Washing dishes in a restaurant is among the least glamorous of occupations. But not once does Mimi Pond complain or delve into the requisite diatribe on scraping and scrubbing in a perpetual cloud of greasy mist. Time can add a rose colored tint to things, sure, but Pond knew then that she was part of a story worth telling. Thirty years later, here it is, Over Easy.
Tapped out on financial aid, and just shy of graduating from California College of the Arts (& Crafts, as it was called then), young Mimi lands a dishwashing job at Oakland’s Imperial Cafe. She wanders in one day by happenstance expecting typical diner fare – watery coffee and “styrofoam toast” fit to pair with a big swig of Victory gin – but soon discovers that this place is different. The food is real. Home made. And the coffee is strong. With its unapologetically uninhibited proletariat population, the Imperial has that vibe, that “if you’re here, you know something” vibe. And young Mimi has a lot to learn. Light years away from art school, this is the real world. All humdrum, nitty gritty, and smeared with egg yolk.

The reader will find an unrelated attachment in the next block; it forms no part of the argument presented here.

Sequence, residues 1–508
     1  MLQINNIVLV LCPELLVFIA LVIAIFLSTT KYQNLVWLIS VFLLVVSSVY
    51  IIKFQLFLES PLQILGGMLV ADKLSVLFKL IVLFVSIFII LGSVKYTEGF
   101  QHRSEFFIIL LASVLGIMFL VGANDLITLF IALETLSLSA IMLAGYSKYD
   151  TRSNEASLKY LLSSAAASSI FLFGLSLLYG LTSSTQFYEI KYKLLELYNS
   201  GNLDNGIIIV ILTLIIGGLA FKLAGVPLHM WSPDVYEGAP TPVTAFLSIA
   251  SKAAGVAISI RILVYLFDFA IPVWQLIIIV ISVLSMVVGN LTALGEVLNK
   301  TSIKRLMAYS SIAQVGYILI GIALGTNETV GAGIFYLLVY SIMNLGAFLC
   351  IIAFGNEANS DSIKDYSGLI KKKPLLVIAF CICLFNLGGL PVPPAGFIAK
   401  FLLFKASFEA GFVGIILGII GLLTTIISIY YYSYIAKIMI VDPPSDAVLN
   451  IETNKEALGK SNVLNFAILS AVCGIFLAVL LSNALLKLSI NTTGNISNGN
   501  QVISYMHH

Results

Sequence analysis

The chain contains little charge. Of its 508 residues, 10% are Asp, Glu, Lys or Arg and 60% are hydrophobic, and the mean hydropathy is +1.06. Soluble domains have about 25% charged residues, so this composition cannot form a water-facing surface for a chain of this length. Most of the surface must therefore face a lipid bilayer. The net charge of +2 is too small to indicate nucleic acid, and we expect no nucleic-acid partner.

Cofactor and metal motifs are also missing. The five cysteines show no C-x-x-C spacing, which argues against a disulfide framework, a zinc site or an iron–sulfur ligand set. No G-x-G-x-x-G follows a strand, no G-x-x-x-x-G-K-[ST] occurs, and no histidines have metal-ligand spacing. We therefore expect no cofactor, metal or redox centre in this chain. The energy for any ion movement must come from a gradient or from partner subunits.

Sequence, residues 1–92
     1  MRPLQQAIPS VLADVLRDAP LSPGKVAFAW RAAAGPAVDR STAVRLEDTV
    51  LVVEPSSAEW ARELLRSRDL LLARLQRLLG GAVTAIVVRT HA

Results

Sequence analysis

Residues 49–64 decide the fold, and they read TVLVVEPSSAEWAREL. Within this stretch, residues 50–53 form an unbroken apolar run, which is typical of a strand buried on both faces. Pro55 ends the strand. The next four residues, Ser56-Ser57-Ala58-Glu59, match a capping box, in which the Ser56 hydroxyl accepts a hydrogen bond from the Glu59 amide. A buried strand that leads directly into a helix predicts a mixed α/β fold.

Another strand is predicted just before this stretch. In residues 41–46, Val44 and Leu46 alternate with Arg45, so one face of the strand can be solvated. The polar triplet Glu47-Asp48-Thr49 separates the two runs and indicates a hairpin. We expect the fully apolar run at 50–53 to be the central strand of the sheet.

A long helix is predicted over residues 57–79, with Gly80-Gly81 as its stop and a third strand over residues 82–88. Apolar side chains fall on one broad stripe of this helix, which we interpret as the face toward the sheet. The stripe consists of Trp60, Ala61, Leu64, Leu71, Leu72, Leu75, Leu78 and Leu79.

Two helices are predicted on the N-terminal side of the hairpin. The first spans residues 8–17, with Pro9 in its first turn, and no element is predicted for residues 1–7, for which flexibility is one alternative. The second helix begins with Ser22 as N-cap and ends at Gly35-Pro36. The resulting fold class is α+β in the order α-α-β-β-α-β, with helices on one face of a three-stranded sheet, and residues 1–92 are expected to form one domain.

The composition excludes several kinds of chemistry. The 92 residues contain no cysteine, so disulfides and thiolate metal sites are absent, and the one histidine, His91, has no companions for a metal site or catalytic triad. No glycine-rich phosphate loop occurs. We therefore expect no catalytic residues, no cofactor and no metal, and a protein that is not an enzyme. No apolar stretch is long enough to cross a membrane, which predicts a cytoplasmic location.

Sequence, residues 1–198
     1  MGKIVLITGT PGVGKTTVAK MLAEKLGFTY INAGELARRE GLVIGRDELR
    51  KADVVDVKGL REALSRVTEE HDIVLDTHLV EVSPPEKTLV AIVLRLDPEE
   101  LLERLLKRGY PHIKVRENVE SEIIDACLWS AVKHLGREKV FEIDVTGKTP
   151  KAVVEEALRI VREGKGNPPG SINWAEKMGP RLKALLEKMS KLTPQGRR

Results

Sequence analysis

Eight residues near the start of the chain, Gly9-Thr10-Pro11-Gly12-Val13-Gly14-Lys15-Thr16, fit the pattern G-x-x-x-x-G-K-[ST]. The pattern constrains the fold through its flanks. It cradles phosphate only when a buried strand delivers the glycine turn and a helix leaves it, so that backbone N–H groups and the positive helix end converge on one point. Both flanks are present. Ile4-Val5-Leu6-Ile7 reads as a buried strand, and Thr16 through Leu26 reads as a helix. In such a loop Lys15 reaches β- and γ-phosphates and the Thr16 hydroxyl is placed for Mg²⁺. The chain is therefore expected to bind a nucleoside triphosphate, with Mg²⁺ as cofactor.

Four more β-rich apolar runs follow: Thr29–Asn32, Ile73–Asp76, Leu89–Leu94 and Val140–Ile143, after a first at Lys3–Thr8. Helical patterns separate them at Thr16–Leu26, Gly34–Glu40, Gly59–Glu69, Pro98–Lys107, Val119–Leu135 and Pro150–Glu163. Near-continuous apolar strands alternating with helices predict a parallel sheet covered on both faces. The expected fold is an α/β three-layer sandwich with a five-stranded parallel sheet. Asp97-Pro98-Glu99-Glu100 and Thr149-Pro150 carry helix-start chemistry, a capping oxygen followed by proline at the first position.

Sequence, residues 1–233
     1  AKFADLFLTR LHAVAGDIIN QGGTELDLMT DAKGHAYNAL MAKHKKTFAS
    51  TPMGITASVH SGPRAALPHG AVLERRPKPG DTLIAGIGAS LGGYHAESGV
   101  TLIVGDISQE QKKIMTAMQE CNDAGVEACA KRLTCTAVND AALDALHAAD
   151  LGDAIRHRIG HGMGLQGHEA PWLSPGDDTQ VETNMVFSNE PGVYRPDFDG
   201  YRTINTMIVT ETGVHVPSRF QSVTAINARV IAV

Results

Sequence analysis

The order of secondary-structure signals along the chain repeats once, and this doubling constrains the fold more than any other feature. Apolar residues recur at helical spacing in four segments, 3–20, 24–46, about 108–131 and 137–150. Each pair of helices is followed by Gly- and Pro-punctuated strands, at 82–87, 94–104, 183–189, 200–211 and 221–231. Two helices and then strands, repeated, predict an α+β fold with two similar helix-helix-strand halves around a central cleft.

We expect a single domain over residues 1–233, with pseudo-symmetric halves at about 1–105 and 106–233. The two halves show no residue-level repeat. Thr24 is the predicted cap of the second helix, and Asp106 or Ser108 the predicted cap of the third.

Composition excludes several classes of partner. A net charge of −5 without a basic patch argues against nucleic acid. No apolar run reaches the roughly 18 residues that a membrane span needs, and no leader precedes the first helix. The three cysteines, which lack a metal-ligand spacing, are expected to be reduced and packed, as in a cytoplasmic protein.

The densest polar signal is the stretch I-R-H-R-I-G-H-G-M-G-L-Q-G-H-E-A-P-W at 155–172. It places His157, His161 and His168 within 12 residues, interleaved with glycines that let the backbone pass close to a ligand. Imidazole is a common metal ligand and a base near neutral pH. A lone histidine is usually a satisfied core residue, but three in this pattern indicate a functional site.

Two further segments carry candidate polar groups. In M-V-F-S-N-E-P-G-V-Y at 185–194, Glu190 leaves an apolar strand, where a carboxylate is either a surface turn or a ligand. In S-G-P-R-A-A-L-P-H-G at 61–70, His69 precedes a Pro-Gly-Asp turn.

This was, after all, the 1970’s. The sixties‘ hangover. Pond gives the decade due character treatment. In its wake, the sixtes had left little of its virtue, much of its vice, and a generation of lost souls still waving their freak flags. Ever the outsider, Mimi navigates this cultural limbo, keeping her own objective beat and picking up morsels of wisdom along the way.
Pond’s drawings, impulsive and expressive, evoke the D.I.Y. spirit of the punk rockers with whom she identified. The characters, the usual countercultural suspects, are dead on. But it’s her writing chops that really impress. Subtle and delicate metaphor, and never snarky social commentary paint a vivid and reverent picture of a decade that had to make do. And that’s what Over Easy is… a little love letter to that time and place – that personal and cultural limbo that would prove to be so formative.